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Nicotine Salts Explained

 

There's been a bit of buzz lately around nicotine sourcing and nicotine alternatives – we've seen everything from tobacco-free nicotine that's synthesized in a lab rather than extracted from a plant to herbal supplements that claim to alleviate the need for nicotine at all. Another development that's gained traction over the last few months may be something you're less familiar with: nicotine salts.

 

 

Wait, salt? Well, yes and no – there are many scientific definitions of salts, and they go beyond the white (or maybe pink or blue) stuff you associate with a "salty" flavor. Basically the root draw of this stuff deals with pH balance, which means we're going to have to go a little Bill Nye here and get into chemistry.

 

The nicotine found on the leaves of tobacco is more acidic than the kind found in the typical nicotine extract – think of cigarette tobacco having an acidity of about 5 on the 0-14 pH scale, while the typical nicotine in e-liquid is more alkaline, somewhere around 8 (check out the linked chart for an example of what that might mean).

 

Why does this matter? The more acidic nicotine can actually linger a bit longer in your lungs. Why should that matter? Basically, it means the nicotine salts are naturally smoother tasting and less likely to irritate. That irritation is what we know as "throat hit," particularly potent in high-nicotine liquids like 18 mg/ml or higher. By using the salts, liquid makers can craft a smoother-tasting high-nicotine juice.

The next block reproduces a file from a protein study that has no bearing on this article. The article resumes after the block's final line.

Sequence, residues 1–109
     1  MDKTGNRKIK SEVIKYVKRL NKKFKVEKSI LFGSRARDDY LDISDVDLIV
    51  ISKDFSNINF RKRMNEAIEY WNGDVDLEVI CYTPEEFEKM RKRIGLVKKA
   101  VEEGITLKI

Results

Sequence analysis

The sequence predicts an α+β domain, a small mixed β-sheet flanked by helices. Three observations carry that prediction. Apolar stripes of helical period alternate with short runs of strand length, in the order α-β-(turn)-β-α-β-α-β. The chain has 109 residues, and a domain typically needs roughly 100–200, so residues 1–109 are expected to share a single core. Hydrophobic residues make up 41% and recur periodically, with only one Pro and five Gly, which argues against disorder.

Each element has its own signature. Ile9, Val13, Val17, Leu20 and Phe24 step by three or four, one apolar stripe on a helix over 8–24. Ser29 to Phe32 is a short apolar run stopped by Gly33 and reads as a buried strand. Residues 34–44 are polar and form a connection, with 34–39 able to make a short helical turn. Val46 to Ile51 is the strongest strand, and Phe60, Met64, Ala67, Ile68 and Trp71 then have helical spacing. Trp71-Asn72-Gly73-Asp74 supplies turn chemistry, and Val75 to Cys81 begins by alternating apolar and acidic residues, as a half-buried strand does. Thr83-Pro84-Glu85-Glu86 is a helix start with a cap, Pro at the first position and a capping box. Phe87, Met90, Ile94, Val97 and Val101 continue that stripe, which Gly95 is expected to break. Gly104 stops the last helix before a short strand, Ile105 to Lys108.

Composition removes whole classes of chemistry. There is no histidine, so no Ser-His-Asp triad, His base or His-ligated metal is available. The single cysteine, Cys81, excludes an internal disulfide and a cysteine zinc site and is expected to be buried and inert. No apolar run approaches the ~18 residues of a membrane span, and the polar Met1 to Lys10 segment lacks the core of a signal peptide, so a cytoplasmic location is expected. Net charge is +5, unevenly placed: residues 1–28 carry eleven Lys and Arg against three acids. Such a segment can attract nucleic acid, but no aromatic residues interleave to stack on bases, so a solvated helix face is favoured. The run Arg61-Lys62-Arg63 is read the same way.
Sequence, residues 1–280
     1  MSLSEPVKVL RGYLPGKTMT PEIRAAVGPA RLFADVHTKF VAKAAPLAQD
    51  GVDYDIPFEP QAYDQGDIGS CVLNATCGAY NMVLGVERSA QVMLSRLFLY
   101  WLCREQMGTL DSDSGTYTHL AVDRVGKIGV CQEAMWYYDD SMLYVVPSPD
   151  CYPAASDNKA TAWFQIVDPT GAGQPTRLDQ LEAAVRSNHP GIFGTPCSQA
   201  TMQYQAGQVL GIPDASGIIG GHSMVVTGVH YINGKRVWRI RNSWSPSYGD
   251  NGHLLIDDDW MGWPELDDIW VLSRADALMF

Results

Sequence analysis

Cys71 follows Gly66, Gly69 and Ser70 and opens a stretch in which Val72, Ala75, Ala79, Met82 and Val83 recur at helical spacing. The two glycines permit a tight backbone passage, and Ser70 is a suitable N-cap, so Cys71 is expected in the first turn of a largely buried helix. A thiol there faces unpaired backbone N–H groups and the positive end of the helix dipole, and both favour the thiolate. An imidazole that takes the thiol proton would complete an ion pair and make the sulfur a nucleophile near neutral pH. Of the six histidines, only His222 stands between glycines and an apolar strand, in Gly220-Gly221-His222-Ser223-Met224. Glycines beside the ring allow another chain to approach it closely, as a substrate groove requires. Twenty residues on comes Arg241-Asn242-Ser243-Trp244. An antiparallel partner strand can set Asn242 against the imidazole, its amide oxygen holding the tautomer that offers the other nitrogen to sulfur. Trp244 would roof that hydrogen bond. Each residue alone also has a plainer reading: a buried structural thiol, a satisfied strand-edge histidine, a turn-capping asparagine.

This is particularly helpful for next-generation cigalike and pod mod manufacturers – JUUL pods contain a whopping 50 mg/ml of nicotine, making them more than 20 times as potent as the most popular 3 mg juices for tanks! Then again, each JUUL pod only contains 0.7 ml of liquid, and it's vaporized at a much lower power than most advanced mod users prefer, so to a degree it makes sense that they need to pack a bigger punch into a smaller, slower-draining package. As you might have guessed, the cigalikes are largely using nicotine salts to craft their liquids – even with a lower wattage and lower vapor output, there's no way to cram that much nicotine in without doing something to soften the blow.

 

But that doesn't mean salts don't have their place in normal juice for open-ended (read: refillable) systems too – we've come across plenty of heavy smokers who want to transition to vaping but just can't get around the throat hit and attendant coughing fits that juice potent enough to keep their smoke cravings at bay delivers. Or maybe you're a true flavor chaser who only uses a tiny bit of nicotine but still seeks an ever-smoother hit to allow delicate flavors to shine through – nicotine salts might be of use to you, too (though we found similar results with tobacco-free nicotine, as you'll see if you check our hands-on review above).

 

One thing to keep in mind – salt-based nicotine seems to darken the liquid it's mixed into. Don't confuse this with oxidation (spoiling of nicotine that only harshens the flavor further), it's natural and a commonly documented occurrence.

 

We haven't seen nicotine salts begin to break through into mainstream mixes in a meaningful way yet. Then again, the same could be said for tobacco-free nicotine and the herbal nicotine-replacement potions. But it's a development that shows some early signs of promise, and you can bet we'll be watching to see if they start making major inroads – if so, expect a hands-on review in the months to come.

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